The 395 m long Evripos bridge in central Greece connects the island of Evia to the mainland. An accelerometer array of 43 triaxial sensors has been monitoring both the free-field excitation and the response of the superstructure in a series of seismic events since 1994. This paper focuses on the characteristics of the spatially variable earthquake ground motions (SVEGMs) recorded during two seismic events (1999 and 2013) and the corresponding bridge response. A model updating is performed to match the numerically predicted with the measured bridge response. Then, the nature of the recorded ground motions is studied and the incoherency patterns of the seismic waves are compared with empirical or semi-empirical models. It is observed that the loss of coherency at the site is isotropic. It is also documented, for the first time based on actual free-field and on-structure recordings, that the asynchronous excitation of a bridge excited higher modes of vibration while suppressing the oscillation on its fundamental frequency. The latter is in line with analytical predictions and is believed to be a key finding in understanding the nature of SVEGM and predicting its potential impact on the seismic response of bridges.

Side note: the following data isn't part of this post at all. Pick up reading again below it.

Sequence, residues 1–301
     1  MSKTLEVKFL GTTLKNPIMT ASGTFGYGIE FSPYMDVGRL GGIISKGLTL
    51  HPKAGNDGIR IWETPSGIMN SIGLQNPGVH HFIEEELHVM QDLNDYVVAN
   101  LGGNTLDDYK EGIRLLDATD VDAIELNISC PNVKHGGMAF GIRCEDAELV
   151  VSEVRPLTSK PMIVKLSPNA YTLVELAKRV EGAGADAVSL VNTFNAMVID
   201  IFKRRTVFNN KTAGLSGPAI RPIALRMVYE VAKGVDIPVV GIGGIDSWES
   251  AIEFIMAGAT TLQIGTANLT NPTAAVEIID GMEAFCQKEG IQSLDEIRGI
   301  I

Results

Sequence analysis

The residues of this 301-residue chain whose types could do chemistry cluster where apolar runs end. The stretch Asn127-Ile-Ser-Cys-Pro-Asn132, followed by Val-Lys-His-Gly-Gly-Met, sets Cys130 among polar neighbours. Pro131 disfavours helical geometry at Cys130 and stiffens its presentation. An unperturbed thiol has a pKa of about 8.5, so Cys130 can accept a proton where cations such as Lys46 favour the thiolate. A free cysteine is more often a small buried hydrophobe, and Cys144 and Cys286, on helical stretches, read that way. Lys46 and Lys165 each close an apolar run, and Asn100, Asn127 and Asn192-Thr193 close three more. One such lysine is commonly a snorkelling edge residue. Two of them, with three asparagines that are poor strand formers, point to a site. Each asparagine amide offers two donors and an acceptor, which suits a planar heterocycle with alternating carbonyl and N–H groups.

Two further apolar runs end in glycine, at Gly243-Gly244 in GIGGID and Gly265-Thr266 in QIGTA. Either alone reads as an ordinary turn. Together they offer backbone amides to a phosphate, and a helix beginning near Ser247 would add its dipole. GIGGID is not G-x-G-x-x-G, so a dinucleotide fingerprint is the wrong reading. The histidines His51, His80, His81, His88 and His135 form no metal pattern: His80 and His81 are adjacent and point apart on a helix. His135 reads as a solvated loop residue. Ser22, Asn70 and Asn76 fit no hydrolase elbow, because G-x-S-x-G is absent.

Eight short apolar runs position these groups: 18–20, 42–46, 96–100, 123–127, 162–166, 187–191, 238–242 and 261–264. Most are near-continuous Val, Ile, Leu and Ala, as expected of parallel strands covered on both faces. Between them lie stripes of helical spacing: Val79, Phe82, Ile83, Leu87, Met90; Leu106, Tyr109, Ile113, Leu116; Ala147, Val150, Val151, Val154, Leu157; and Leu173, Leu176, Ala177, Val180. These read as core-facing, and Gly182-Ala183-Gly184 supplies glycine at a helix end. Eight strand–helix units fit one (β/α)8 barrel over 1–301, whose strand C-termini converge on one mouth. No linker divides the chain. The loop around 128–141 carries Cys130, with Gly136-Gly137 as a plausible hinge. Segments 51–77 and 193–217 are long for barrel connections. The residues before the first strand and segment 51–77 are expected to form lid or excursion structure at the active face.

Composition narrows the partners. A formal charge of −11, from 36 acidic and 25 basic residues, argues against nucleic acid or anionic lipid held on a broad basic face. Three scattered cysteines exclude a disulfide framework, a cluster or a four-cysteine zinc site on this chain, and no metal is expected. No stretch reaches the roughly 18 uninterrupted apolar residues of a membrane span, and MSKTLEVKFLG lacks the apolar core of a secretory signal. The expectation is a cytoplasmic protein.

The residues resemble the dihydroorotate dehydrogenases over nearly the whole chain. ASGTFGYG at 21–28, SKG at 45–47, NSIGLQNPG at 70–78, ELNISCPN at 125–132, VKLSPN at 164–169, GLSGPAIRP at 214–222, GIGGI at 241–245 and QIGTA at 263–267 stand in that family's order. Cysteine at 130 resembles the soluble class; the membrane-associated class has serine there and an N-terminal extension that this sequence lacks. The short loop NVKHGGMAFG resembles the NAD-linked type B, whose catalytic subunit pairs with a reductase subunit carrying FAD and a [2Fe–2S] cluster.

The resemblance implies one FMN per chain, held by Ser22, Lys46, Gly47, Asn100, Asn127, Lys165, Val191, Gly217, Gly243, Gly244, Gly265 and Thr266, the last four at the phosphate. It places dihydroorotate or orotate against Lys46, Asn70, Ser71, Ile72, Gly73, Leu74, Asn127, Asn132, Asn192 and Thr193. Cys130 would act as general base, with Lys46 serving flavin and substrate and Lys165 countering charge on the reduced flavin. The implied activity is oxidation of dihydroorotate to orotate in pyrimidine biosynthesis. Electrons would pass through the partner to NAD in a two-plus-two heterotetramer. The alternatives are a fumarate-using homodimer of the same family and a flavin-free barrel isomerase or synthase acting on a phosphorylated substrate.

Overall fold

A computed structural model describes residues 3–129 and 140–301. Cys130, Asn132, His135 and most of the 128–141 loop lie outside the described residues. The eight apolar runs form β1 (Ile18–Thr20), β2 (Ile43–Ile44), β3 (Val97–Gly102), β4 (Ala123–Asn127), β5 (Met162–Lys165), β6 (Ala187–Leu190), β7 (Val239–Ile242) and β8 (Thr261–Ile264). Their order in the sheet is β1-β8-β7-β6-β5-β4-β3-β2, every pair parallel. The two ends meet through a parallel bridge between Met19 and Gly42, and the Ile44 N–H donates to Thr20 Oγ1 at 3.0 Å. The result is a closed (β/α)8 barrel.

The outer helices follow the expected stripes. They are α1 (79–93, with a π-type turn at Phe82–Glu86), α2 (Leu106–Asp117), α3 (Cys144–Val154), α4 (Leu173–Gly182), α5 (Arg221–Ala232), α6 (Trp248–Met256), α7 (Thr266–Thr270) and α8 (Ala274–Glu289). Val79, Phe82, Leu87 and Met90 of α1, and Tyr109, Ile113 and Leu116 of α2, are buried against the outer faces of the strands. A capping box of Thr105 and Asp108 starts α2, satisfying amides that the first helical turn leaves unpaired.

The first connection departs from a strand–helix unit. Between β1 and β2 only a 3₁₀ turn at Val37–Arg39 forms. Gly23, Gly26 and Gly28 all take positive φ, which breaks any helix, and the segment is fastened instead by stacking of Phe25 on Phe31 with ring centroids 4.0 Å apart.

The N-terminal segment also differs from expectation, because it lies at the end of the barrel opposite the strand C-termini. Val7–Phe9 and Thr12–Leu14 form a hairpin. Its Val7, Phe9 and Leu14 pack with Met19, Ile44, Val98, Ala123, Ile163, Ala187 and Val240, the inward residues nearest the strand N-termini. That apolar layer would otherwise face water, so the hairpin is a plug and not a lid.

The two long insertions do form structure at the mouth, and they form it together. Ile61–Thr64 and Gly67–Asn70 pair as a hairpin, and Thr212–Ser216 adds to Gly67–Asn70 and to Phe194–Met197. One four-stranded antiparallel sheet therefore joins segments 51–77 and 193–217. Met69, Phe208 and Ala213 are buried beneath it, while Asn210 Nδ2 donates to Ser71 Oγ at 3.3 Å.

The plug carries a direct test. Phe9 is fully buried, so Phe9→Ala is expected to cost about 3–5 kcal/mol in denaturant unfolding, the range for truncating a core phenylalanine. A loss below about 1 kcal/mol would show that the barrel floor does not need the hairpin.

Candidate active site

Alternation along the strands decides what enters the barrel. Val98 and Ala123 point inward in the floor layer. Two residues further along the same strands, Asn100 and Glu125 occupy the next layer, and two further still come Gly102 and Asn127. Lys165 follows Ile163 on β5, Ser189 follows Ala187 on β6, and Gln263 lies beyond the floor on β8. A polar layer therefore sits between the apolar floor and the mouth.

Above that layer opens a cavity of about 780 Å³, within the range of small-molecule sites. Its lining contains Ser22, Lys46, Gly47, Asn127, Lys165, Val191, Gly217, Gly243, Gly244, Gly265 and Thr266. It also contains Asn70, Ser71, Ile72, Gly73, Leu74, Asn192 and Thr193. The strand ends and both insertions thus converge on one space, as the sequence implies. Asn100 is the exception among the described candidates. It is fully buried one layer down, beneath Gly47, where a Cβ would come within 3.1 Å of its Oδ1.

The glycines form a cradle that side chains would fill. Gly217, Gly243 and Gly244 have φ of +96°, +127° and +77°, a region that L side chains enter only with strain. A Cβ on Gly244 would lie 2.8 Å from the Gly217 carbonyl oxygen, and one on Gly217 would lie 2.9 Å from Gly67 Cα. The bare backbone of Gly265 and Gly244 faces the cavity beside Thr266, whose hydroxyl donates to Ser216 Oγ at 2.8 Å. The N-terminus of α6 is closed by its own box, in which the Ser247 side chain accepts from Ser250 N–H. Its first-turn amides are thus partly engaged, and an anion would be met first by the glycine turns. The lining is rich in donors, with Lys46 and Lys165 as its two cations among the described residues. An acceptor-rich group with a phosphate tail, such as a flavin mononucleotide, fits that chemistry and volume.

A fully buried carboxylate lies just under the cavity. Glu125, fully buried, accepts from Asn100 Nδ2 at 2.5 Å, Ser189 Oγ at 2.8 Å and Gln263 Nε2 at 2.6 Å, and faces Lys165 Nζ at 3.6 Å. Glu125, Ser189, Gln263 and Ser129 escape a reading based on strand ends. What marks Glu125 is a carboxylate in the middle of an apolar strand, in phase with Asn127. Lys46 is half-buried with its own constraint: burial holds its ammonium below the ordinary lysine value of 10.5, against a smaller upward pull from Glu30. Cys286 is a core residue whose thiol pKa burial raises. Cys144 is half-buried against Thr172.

- actual structural response recordings
- higher modes excitation
- monitored bridges
- spatial variability